Miami got knocked to the canvas by the Indiana Pacers in the East semifinals before responding like a champion.
The Heat are headed back to the Eastern Conference Finals for the second straight season after surviving an injury to Chris Bosh, an unprofessional outburst by Dwyane Wade during a Game 3 meltdown, and the suspensions of both Udonis Haslem and Dexter Pittman for the Game 6 clincher.
Miami, after falling behind 2-1 in the series, captured the last three games of the set behind spectacular play from both LeBron James and Wade, and will now be heavily favored against either Boston or Philadelphia with a chance to go back to the NBA Finals for the second consecutive year.
The Heat, of course, beat Chicago in last year's East finals but then lost to Dallas in six games, missing out on a chance to win the first of the "not two, not three, not four, not five, not six, not seven" titles that James famously predicted after he took his talents to South Beach.
That kind of boasting and Wade's often immature antics on the floor have turned Miami into a villain at least on the national stage, but there's no denying what the two superstars accomplished in the final three games against a very talented Pacers team.
With their season on the brink, after getting routed in Indianapolis during Game 3, James and Wade turned it on like few ever have. Over the course of three brilliant contests, LeBron scored 98 points, pulled down 34 rebounds and dished out 24 assists. Wade, meanwhile, had 99 points, 22 boards and 11 assists. Both also served as lockdown defenders.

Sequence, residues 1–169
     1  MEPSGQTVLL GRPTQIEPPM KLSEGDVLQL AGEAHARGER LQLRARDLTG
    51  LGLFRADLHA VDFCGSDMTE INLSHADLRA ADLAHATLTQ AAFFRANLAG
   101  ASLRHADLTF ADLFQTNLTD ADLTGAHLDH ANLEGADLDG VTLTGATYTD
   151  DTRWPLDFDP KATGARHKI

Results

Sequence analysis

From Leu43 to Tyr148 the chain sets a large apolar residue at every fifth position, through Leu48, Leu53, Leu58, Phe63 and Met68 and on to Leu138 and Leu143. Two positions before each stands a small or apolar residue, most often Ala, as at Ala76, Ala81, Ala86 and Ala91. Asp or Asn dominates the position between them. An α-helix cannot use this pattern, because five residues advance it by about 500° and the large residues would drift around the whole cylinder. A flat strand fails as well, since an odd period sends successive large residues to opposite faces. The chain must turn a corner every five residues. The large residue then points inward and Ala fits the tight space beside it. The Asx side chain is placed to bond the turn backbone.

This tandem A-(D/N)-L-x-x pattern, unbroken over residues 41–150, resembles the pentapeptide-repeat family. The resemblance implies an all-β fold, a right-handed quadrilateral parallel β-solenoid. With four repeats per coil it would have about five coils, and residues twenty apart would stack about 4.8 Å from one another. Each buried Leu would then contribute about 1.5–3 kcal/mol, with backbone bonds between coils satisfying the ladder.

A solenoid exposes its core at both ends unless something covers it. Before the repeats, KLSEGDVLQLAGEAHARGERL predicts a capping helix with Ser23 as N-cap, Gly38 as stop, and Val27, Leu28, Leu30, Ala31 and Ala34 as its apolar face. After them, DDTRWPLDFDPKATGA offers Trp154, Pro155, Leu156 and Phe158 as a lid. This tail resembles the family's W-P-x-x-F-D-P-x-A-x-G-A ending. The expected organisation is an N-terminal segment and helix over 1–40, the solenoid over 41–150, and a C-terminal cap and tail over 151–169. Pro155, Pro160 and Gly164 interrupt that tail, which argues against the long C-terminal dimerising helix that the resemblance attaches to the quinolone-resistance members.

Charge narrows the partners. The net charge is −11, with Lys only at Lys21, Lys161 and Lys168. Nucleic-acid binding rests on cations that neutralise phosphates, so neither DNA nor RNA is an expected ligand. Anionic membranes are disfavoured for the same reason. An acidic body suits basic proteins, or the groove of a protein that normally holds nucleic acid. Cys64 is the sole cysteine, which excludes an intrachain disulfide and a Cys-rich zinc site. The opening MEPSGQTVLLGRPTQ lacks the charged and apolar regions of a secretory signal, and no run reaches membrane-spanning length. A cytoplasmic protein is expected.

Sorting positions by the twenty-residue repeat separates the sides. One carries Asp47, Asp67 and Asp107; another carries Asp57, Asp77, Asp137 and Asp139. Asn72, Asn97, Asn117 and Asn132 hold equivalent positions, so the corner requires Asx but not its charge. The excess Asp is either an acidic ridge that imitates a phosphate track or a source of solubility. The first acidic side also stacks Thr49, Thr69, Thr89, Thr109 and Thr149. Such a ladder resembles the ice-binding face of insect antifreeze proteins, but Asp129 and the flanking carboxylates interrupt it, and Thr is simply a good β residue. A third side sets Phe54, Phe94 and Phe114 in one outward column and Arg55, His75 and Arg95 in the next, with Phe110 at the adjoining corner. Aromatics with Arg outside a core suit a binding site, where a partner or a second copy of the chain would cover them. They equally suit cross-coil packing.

"We understand that when Chris went out, we had to step up," D-Wade said. "The team looked to us to lead."
And lead they did. In the clincher, a 105-93 Miami win, Wade scored 26 of his 41 points in the first half, shot 17 of 25 from the floor and James was 12- for-23. Wade added a team-high 10 rebounds and James led the Heat with seven assists.
"Wade and James going like they were going tonight, they're going to be tough to beat by anybody," Indiana coach Frank Vogel said.
The banged-up Heat will now watch Saturday's Game 7 between the Celtics and Sixers with the conference finals set to begin Monday in South Florida. Haslem will be back for Game 1 and Bosh still hopes to return from a strained abdominal muscle at some point, but that's all window dressing if James and Wade continue to perform at this level.
"Chris Bosh is an awesome basketball player, but when he goes down, that just means more touches for LeBron and Wade," Vogel said. "That's not exactly an advantage."
As the series dragged on Miami coach Erik Spoelstra seemed to figure things out, getting the ball to James and Wade with spacing in isolations, making them dual threats on each drive to the basket.
It became "pick your poison" for Indiana at that point. Watch LeBron and D-Wade finish at the rack or see a drive-and-kick mentality turn pedestrian players like Mario Chalmers and Mike Miller into legitimate weak-side threats.
"It was a competitive, hotly contested series and that's what it should be remembered for," Spoelstra said. "There were a lot of ups and downs, but the guys were able to tough it out."
All that said, playing like a champion for a week or two means little for this Heat team unless they actually go on to capture the crown. As long as James and Wade are playing together, it's championship or bust in Miami and anything short of an NBA title will always be considered a failure.
"I'm not sure who can beat them right now," Vogel said.
That's a sentiment echoed by many and it may be Miami's toughest hurdle of all -- expectation.
"This series brought out the best in both of them," Spoelstra said of his two stalwarts. "They knew they had to play an extremely high level for us to have a chance. They knew."
They also know they need eight more wins for any of this to matter.